Saturday, January 1, 2022

New Year’s Day by Taylor Swift—Murfin Winter Holidays Music Festival

                                            New Year's Day by Taylor Swift.

For Americans New Year’s Day is a kind of low key and lethargic holiday.  Many New Year’s Eve revelers nurse hangovers.  For others it’s a spend the day in pajamas and robe affair to veg out in front of the tube and watch the Rose Parade and endless college bowl games.   It is the biggest day of the year for ordering pizza delivery. 

New Year's Eve has long been an amateur night with excessive drinking and mixing of libations, National Hangover Day is an appropriate designation for the first day of the year.

There have not been many songs for January 1.  For years we were stuck with U2’s first big hit, New Year’s Day released in 1987 and dedicated to the Polish Solidarity movement.  It set the tone for decades of self-important and self-righteous songs with supposedly meaningful and progressive themes with Bono doing his patented vocal pyrotechnics.  A lot of folks love that stuff, but it has come to irritate the hell out of me.

Despite a raging surge of the Coronavirus Omicron variant and the cancelation of some Bowl Games officials of the 133rd Rose Parade are expected to go off as usual this year. 

In 2017 Taylor Swift offered us an alternative.  I know that there are folks who follow this festival who have nothing but scorn for the country/pop diva and her endlessly autobiographical songs of failed relationships.  But I have always thought that if you take her for what she is and don’t try to compare her to female stars of country music’s golden age she does what she does very well.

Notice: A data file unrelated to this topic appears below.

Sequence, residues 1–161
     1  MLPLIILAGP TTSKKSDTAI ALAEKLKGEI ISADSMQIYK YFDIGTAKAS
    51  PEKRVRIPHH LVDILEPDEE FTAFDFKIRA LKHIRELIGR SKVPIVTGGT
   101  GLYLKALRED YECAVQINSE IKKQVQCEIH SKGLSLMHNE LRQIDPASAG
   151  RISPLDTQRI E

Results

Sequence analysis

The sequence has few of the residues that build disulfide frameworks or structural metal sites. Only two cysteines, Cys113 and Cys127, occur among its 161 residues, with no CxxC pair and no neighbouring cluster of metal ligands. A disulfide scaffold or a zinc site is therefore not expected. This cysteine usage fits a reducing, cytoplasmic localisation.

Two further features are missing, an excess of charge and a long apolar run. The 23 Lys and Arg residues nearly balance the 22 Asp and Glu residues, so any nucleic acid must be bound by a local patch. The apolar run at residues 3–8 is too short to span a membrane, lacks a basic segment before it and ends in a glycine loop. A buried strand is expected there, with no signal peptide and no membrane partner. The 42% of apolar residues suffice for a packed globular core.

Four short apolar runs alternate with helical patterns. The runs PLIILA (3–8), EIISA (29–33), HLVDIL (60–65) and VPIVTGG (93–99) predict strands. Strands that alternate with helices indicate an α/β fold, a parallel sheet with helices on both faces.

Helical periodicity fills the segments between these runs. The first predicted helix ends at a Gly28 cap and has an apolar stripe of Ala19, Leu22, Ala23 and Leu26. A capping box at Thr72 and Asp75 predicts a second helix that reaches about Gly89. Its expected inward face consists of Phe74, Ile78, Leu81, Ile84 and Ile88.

New Year’s Day was on Swift’s sixth studio album, Reputation (2017). Swift co-wrote and co-produced the track with Jack Antonoff.  She debuted the song on The Tonight Show Starring Jimmy Fallon and was only a mid-level country music hit.  But the critical reception was very positive. 

One reviewer wrote:

New Year’s Day isn't the best song on Reputation, but it’s one of the best, and like the rest of the good ones it excels because the petulant sense of betrayal that fuels the album elsewhere has receded. It turns out, that, once she puts herself in position to express emotions more common and profound than the sense of being an ultrafamous pop musician who got exposed by other ultrafamous celebrities as cold-blooded and duplicitous, that she’s still an artistic force to be reckoned with.

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